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Prostheses are prescribed for and custom made to a person who has had a complete or partial amputation of the upper or lower extremity. The absence of a limb can be congenital or acquired; it can be secondary to any number of musculoskeletal, circulatory or “systemic” disorders. An amputation is labeled/named by the level of the surgical or congenital amputation. For example, a below the knee amputation is between the ankle and the knee (this is also referred to as a transtibial amputation).

Over the years your choices for prosthetics have increased tremendously. There are many styles and designs to help us make prostheses that are right for you. Some components are universal to lower extremity prostheses and others are specific to a particular level.

The components that make up each individual prosthesis are chosen based on your preference, height, weight, activity level, and type of activities. The Prosthetist will use this information and discuss with you all the appropriate componentry choices.

Our Team Approach
Our ABC certified Prosthetists use a team approach to help you reach your functional, recreational and vocational goals. We work with you, your family, therapist, doctor, and insurance company to make sure that all realistic goals can be achieved with the help of the appropriate prosthetic componentry.

Lower Extremity Prostheses
Lower extremity prostheses are either endoskeletal or exoskeletal. This refers to the location and type of supporting structure between the amputation and the floor.

  • An exoskeletal prosthesis is shaped like the contralateral (opposite) side and is hard the full length of the prosthesis to the top of the foot. The hard material is the supporting structure of the prosthesis and is typically hollow on the inside to save weight.
  • An endoskeletal prosthesis is shaped like the contralateral side but is soft from the end of the amputation to the top of the foot. The components between the amputation and the foot are metal (steel, aluminum or titanium) and allow for permanent adjustability in height, and angles. In this system components can be easily changed in or out for different or replacement components.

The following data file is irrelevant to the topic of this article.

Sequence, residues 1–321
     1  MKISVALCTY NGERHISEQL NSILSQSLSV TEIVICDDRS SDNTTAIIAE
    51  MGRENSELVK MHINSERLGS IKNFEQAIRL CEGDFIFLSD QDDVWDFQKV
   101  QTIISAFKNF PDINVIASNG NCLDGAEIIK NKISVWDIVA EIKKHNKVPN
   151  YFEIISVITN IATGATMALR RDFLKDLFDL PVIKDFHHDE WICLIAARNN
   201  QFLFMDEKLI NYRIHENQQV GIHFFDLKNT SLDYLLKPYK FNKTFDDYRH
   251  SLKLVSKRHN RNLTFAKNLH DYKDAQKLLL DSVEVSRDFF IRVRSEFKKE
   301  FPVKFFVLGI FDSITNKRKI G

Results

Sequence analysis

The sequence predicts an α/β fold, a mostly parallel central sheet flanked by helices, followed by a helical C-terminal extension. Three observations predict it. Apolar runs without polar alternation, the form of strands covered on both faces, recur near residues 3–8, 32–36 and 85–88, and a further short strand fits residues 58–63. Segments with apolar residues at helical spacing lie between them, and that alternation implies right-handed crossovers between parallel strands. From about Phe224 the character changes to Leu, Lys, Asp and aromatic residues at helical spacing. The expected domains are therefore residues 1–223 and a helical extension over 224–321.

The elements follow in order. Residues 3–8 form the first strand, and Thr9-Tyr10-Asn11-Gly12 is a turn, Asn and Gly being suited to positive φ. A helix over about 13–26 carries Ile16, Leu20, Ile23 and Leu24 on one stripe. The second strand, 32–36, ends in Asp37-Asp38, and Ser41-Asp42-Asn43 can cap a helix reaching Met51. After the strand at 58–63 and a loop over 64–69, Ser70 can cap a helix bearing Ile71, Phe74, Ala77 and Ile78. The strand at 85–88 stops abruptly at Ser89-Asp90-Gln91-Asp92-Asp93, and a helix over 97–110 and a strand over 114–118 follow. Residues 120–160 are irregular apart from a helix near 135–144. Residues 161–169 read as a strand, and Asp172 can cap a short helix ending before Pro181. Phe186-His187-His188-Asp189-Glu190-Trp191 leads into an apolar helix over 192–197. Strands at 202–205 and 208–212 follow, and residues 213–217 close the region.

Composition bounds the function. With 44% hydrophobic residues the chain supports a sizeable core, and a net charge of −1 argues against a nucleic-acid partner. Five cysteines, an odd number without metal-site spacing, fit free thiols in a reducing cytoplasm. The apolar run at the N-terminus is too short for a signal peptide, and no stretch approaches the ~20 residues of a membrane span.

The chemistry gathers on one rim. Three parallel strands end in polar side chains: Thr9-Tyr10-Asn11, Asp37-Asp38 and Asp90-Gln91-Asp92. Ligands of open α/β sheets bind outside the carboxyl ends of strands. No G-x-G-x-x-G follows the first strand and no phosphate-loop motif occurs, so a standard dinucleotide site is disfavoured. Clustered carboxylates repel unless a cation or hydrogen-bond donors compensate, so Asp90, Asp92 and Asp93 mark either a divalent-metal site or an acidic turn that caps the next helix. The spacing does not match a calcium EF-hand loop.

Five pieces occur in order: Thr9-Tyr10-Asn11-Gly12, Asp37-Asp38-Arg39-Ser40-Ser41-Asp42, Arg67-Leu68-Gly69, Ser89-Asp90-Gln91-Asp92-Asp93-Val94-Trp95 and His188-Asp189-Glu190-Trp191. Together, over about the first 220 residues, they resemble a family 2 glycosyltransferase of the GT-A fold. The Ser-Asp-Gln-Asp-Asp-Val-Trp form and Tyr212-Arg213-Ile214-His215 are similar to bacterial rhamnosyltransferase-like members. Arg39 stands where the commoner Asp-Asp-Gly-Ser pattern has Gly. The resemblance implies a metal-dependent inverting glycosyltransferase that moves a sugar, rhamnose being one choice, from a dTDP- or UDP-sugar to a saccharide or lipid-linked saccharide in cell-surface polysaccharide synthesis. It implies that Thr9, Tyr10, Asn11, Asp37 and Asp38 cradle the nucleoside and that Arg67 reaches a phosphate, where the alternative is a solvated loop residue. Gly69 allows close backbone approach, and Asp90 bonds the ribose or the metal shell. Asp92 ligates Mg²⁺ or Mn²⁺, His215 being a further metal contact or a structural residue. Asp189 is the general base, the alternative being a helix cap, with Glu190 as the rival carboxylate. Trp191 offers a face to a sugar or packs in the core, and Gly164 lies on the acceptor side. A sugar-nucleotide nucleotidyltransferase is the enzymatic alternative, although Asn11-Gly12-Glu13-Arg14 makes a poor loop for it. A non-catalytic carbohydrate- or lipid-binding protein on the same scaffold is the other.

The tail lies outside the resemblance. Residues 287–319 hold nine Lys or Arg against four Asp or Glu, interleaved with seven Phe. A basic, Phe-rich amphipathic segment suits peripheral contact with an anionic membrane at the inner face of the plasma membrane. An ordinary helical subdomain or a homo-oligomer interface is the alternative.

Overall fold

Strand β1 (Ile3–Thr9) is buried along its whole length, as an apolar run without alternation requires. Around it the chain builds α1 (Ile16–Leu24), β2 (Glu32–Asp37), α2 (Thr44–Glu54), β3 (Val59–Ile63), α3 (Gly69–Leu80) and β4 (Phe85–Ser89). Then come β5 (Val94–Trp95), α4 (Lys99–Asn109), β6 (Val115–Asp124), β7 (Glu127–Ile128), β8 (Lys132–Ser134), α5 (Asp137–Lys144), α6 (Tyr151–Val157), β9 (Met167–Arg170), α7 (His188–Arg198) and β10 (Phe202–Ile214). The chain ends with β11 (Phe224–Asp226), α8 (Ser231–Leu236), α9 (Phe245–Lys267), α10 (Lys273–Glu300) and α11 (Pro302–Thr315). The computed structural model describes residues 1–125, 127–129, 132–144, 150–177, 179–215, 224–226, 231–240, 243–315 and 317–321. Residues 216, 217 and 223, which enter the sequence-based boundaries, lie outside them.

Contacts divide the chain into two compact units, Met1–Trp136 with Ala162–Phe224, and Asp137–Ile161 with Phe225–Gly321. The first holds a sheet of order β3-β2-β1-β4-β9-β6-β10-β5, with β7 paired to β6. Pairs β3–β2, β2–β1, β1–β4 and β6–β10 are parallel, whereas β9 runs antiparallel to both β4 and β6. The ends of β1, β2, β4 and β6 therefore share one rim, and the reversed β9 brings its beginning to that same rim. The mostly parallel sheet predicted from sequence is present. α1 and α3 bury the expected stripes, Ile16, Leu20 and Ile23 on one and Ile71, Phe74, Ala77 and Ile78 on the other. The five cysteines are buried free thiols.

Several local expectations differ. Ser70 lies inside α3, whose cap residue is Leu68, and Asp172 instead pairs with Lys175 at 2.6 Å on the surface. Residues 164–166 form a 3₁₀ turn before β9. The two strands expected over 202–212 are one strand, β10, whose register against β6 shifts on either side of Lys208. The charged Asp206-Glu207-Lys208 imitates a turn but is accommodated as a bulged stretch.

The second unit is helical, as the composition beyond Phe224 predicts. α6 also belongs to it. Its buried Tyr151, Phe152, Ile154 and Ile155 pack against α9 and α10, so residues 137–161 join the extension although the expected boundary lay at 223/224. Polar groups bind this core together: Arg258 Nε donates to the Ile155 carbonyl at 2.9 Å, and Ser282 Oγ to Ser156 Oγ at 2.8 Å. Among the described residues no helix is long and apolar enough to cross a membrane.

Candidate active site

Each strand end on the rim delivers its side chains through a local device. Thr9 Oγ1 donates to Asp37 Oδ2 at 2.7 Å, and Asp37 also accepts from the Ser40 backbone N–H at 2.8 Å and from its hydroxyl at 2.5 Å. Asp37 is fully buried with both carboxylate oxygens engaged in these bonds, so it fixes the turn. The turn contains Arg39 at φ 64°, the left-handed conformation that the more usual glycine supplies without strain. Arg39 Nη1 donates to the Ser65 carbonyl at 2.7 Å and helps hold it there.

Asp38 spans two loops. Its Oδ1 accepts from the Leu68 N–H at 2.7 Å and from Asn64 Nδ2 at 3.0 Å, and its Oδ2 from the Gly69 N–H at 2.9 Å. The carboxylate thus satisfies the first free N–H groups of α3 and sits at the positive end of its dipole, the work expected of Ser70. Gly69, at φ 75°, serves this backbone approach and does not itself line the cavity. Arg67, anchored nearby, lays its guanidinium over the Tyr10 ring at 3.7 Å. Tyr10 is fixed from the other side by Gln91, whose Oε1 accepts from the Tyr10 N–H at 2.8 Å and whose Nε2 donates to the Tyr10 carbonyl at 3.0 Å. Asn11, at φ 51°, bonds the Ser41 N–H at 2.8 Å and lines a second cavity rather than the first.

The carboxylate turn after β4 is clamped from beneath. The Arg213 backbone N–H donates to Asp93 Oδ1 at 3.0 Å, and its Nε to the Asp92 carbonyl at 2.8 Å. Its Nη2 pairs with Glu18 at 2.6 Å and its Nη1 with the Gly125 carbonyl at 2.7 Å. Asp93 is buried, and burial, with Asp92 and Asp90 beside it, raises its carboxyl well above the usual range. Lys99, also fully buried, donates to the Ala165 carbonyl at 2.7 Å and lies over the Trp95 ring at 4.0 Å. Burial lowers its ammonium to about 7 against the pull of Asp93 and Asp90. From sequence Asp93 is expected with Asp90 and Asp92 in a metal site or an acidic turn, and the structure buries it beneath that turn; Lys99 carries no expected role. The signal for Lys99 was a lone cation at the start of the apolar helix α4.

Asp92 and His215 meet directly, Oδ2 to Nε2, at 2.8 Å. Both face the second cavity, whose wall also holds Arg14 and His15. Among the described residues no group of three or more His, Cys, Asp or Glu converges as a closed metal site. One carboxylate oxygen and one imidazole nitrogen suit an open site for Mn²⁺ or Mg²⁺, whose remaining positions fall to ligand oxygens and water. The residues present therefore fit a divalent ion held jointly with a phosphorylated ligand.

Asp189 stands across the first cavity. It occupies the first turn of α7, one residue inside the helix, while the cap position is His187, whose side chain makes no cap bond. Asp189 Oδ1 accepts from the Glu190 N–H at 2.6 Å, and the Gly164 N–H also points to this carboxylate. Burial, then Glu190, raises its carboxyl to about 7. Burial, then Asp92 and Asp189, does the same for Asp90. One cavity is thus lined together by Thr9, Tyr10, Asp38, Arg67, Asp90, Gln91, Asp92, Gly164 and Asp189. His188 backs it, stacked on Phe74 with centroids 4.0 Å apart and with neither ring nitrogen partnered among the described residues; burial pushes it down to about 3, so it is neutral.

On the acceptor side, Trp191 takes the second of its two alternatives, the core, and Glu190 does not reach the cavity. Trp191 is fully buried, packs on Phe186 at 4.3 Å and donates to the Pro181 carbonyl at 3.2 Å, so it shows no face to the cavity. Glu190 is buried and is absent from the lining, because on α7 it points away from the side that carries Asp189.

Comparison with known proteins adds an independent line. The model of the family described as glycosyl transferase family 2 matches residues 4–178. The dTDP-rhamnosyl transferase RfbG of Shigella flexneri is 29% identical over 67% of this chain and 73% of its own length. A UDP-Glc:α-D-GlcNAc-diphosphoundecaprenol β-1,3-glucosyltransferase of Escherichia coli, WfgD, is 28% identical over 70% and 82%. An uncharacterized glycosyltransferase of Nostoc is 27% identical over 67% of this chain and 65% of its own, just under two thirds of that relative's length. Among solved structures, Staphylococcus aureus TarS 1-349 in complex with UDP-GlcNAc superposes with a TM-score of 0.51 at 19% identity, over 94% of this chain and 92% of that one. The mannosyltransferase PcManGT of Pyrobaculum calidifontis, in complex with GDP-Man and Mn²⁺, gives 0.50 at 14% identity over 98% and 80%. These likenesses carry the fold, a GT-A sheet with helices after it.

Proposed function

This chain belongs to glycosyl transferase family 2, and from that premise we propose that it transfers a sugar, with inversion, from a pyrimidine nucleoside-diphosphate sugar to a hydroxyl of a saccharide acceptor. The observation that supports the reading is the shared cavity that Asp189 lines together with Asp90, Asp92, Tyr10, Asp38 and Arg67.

Types of Lower Extremity Prostheses

  • Immediate Post Operative Prostheses (IPOP) are fit directly after surgery. They are generally prescribed when your doctor wants you to get up and start walking right away. It immediately starts to shape and reduce the size of the amputation, as well as reduce the possibility of knee contractures following surgery. This prosthesis can be custom made or custom fit from an off the shelf item. A custom fabricated IPOP is molded over the amputation and appropriate post-surgical bandages and drainage. An adjustable unit is attached to the mold and then a pylon or pipe is the connection between the adjustable unit and the foot. This system is changed as often as the Doctor requests, but generally every 7-10 days until the first prosthesis is prescribed. When the mold is removed the amputation is inspected to make sure that it is healing well.
  • A Preparatory prosthesis is generally the first prosthesis that you would be fit with. The components used may be the same as those for a definitive prosthesis but the preparatory/temporary will not include a cosmetic cover, that is to say that the components between the amputation and the floor will be exposed. A preparatory prosthesis is generally prescribed when it is expected that the amputation is going to change significantly and will require the portion that fits the amputation (the socket) to be re-molded to maintain an appropriately fitting and therefore functioning prosthesis.
  • A Definitive prosthesis is the prosthesis that is fit after your amputation has undergone reduction in volume and change in shape of the amputation following surgery and/or IPOP fittings. It is fit because the amputation has changed so significantly that the first prosthesis is no longer fitting or functioning appropriately. This prosthesis will be more cosmetic in appearance. The amputation may have reduced enough that the size and shape of the amputated side is closer to that of the unaffected side. It may take time for your body to become accustomed to the components of your prosthesis as your activity level changes. The way that a prosthesis stays on the extremity is referred to as suspension. There are several different ways to suspend a prosthesis. The type of suspension is determined by the componentry choices, style of amputation, patient preference, experience or activity level. The Prosthetist you see will be happy to help you choose the best method of suspension for your prosthesis.

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